Manuel G. Batshaw

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Manuel Batshaw
Born(1915-04-17)17 April 1915
Died18 July 2016(2016-07-18) (aged 101)
OccupationCEO/President of Batshaw Youth and Family Centres[1]
Known forFounder of Batshaw Youth and Family Centres[2]
RelativesTuvier (father), Golda (mother), Harry, and 3 other older siblings[1]
AwardsThe Samuel Bronfman Medal for Outstanding Community Service, the Jerusalem Foundation of Canada’s Honoree, the Order of Quebec, the Order of Canada and an honorary degree of Doctor of Laws by McGill University[2]

Manuel Gilman Batshaw[1] CM CQ (17 April 1915 – 18 July 2016) was a Canadian social worker and is best known for being the founder of Batshaw Youth and Family Centres.[2]

He spent more than 50 years in the field of social work in Quebec. In the 1970s, he was active in assisting Vietnamese boat people refugees. In 1975, he headed an inquiry into abuses at institutions housing troubled young people, and the Batshaw Committee submitted a report that was the basis for legislation. In 1993, five anglophone institutions merged and were named the Batshaw Youth and Family Centres in his honour.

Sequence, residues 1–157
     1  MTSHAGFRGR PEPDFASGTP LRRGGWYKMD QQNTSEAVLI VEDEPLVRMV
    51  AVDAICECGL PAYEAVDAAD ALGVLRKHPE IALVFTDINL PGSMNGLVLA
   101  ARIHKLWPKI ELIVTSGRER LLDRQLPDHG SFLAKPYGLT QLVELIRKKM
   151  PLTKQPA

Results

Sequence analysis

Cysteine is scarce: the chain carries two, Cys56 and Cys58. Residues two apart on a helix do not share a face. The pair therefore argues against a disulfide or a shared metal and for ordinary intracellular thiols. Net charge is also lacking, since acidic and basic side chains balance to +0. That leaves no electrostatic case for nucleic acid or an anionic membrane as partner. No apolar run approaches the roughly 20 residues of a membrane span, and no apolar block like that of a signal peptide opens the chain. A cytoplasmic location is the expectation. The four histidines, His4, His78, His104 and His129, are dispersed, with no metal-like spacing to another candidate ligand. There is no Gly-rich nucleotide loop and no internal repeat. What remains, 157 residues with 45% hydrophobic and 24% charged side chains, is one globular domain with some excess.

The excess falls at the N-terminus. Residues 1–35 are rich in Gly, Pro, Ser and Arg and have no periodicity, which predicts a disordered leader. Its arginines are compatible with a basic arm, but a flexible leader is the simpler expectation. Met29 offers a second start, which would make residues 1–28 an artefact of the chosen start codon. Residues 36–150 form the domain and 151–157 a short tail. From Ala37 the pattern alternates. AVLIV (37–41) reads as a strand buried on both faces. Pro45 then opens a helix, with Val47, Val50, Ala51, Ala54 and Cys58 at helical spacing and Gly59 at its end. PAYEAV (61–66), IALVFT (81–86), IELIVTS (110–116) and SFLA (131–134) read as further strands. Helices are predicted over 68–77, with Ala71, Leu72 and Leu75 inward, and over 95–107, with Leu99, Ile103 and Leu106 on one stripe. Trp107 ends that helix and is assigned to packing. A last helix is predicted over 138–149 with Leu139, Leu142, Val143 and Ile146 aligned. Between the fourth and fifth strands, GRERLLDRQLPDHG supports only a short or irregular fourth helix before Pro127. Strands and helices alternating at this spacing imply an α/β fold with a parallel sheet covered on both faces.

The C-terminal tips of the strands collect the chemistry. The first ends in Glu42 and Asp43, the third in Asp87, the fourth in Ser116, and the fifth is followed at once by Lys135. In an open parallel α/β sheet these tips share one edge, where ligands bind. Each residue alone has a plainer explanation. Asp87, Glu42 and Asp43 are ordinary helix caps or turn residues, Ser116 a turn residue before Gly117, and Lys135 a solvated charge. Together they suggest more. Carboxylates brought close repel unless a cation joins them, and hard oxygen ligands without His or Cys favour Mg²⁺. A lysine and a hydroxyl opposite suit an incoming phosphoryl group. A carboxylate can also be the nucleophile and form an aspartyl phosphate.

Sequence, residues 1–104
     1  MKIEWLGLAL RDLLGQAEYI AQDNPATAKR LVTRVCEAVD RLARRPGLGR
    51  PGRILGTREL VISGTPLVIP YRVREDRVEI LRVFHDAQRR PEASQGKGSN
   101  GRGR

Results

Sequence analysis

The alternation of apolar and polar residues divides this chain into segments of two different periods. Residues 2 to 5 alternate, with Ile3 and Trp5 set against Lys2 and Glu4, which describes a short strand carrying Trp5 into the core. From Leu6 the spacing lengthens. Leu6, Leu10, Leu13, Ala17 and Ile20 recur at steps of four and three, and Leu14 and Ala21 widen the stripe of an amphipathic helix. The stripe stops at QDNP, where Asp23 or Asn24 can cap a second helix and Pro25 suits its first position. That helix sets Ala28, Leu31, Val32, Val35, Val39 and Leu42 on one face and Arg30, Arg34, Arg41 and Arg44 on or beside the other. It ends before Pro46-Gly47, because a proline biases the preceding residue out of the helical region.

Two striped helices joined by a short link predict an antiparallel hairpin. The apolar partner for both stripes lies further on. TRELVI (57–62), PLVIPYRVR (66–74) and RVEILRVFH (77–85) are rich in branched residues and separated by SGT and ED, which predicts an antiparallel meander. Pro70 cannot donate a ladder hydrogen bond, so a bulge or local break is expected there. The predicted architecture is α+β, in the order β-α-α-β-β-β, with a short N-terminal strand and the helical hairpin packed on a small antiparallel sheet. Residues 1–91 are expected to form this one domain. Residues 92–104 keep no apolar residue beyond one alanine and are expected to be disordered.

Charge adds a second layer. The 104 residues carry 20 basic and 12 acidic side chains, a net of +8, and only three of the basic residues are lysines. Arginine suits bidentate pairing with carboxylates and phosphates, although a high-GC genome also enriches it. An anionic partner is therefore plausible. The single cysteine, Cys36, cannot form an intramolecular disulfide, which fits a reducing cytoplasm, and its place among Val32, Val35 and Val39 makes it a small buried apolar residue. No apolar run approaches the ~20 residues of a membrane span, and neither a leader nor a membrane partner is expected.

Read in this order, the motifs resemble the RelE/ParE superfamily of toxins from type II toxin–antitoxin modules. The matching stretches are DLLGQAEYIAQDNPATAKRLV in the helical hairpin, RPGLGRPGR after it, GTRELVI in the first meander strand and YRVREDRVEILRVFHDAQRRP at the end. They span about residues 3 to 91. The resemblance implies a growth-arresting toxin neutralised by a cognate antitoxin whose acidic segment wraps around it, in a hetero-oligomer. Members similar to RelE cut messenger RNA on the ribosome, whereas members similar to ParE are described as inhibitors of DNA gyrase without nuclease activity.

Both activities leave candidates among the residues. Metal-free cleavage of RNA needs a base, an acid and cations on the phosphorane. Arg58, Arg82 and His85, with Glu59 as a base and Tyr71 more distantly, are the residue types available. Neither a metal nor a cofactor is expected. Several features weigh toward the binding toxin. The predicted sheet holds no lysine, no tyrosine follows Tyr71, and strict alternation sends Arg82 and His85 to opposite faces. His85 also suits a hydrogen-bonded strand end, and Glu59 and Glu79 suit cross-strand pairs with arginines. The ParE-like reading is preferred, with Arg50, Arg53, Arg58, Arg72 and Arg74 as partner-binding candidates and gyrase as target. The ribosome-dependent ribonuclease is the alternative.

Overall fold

He received an honorary degree from McGill University in 1998 and the National Order of Quebec in 2003,[3] as well as the Order of Canada.[4]

Early life and family[edit]

Batshaw was born in Montreal in 1915[1][5] to Russian Jewish parents who moved to Canada in 1903.[2] His father was named Tuvier (sometimes referred to as "Moses"); his mother, Golda. He was the youngest of four siblings, one of whom, Harry Batshaw, was the first Jew to be appointed to a Superior Court in Canada.[1]

Batshaw married Rachel Lewitt in 1940, also a social worker, and had one child named Mark Batshaw, who later worked in pediatric care and child development.[2] After Rachel Lewitt's death in 1990, Batshaw married his second wife, Ruth Schleien, a longtime volunteer of the Federation CJA.[2]

Batshaw graduated from McGill University in 1937 and served in the army as District Social Service Officer, rising quickly through the ranks to become captain.[2] He died on 18 July 2016 at the age of 101.[6]

See also[edit]


  1. ^ a b c d e "Batshaw Foundation". Archived from the original on 2011-08-27.
  2. ^ a b c d e f g "Yiddish Theatre - Batshaw History" (PDF).
  3. ^ "Manuel G. Batshaw – Ordre national du Québec".
  4. ^ "Recipients". 11 June 2018.
  5. ^ "A Finding Aid to the Manny Batshaw Fonds Jewish Public Library Archives, Montreal" (PDF). Jewish Public Library Archives. Retrieved 17 October 2013.
  6. ^ "Manuel Batshaw, 'architect of Montreal's Jewish community,' dies at 101". 19 July 2016.